Pak Frees Eight Taliban Prisoners
Taliban militantsReuters

Taliban fighters have not been receiving any money for months, fighter Mullah Yaseen told social news network Vocativ.

When Yaseen left his village and headed to the city of Quetta, Pakistan to collect supplies and ammunitions, he was told there were temporary cash-flow problems and he should ask his fellow villagers for a loan. The Taliban's finance department has a special office dedicated to resolving complaints, but it was no help. "They told me, 'Sorry, we don't have that much money right now,' " Yaseen explained.

This is one of the toughest times for Afghanistan insurgents, who are running out of food, money and ammunition; and their plight is unlikely to improve anytime soon.

"The Arabs' departure is a crippling blow. Support from private Saudi donors has been crucial to Afghanistan's insurgents ever since the war against the Soviets in the 1980s [...] But interest in Afghanistan has faded among hard-liners in the Gulf region. Osama bin Laden is dead; most of al- Qaida's surviving operatives have fled the constant threat of US drone attacks," Vocativ reported.

Furthermore, Afghan civilians say to be fed up with the Taliban, who are no longer seen as soldiers of God.

"Their fundraisers used to come on foot to collect donations. Now they show up in luxury cars. It's clear they're stealing the money."

A former Taliban commander is of the same opinion: "Instead of going to jihad, the donations are cruising down the streets of Peshawar, Quetta and Karachi."

What is really upsetting for Afghans, is that Taliban no longer fight to protect them. This is evincible by looking at the indiscriminate attacks which kill dozens of civilians.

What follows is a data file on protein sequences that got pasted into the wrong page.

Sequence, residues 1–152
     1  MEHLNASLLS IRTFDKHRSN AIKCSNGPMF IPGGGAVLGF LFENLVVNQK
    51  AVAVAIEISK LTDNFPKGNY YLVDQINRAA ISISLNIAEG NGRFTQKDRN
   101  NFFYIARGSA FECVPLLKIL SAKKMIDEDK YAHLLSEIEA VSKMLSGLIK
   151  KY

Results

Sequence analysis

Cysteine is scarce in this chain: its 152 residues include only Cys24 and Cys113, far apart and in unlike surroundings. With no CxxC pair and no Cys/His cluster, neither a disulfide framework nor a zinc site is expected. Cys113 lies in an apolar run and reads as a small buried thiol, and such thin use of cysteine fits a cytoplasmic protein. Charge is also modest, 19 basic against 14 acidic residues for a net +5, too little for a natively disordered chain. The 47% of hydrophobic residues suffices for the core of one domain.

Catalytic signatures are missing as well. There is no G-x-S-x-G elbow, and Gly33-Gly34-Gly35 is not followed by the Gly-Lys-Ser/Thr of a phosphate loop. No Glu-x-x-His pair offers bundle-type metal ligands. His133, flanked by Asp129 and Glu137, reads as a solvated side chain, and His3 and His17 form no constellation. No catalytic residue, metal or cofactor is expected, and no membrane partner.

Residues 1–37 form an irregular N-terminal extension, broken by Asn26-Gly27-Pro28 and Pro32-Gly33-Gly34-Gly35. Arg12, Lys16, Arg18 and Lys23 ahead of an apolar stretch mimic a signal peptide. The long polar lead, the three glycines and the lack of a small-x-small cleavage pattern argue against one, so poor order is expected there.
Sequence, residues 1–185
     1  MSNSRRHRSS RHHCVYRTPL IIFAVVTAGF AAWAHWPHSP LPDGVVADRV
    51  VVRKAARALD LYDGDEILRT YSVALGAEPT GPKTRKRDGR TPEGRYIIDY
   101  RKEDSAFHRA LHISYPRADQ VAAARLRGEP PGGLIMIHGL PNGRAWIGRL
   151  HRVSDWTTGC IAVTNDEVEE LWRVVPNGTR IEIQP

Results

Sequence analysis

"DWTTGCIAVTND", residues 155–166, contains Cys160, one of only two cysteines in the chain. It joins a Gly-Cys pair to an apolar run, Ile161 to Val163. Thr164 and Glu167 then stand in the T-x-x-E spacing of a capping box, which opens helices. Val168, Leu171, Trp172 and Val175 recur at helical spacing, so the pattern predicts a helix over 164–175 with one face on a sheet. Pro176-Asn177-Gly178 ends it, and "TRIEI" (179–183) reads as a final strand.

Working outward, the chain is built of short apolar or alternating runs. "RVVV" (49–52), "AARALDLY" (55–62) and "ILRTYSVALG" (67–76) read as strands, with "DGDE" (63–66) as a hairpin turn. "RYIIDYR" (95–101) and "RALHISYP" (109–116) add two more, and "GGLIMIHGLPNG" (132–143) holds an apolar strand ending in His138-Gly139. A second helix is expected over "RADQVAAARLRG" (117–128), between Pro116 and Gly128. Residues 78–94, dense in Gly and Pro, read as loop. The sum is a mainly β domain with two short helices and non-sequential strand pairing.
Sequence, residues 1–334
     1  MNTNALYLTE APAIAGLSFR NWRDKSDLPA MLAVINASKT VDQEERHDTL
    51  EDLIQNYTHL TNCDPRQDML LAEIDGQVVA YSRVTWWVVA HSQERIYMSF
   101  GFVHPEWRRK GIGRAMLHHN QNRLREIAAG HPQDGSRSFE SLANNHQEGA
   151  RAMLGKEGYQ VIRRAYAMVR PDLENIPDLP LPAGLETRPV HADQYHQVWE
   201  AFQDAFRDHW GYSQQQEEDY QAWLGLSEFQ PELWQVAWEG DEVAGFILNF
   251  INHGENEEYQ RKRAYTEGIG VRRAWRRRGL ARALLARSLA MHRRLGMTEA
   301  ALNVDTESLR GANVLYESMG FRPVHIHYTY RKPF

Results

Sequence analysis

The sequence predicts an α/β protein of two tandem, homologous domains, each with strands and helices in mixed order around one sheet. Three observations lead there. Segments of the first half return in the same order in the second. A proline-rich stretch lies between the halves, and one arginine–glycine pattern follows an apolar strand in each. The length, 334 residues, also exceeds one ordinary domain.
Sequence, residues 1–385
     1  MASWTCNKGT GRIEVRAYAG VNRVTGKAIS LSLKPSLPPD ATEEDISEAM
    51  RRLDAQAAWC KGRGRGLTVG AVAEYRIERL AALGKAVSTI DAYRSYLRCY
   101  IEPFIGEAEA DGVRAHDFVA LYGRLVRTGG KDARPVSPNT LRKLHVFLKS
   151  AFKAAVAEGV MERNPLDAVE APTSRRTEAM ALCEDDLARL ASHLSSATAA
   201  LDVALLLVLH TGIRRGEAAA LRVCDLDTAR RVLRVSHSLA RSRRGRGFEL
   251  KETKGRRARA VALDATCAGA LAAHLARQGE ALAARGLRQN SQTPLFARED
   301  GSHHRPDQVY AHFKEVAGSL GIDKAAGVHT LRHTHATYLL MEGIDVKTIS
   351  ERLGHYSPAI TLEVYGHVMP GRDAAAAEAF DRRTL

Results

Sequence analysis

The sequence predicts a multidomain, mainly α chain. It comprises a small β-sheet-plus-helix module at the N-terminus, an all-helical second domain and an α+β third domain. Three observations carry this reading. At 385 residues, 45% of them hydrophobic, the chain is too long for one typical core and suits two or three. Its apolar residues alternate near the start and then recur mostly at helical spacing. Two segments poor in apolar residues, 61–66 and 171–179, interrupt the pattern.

"The Taliban aren't fighting Americans or NATO forces anymore," Yaseen said.

"Instead they kill poor Afghans. Islam forbids us to give money that would encourage the murder of civilians."

Current Afghanistan's President Karzai speaks during a news conference in Kabul on Oct. 4, 2012.Reuters

Afghan Presidential election campaign starts amid tensions

Taliban fighters and their financial problems are put aside, as Afghanistan is concentrating on the presidential election, to replace current President Hamid Karzai, which will take place on 5 April.

The election is the third presidential poll since the fall of the Taliban regime in 2001. Karzai has led the country ever since; first he was appointed by a national assembly and then he was elected twice.

The upcoming election is important as it will appoint a new president (chosen among 11 candidates) after more than a decade of Karzai's administration.

The election is in two rounds. If no candidate gets more than 50% of the vote in the first round, a second one must be held pitting the top two candidates against each other.

Taliban threatened to target the campaign. Two workers for candidate Abdullah Abdullah were shot dead in the western city of Herat on Saturday.

Last year an election official was killed by the terrorist group who then officially claimed responsibility of the murder on Twitter.

The group's leader denounced the 2014 vote as a "waste of time" and said "pious people" would not participate.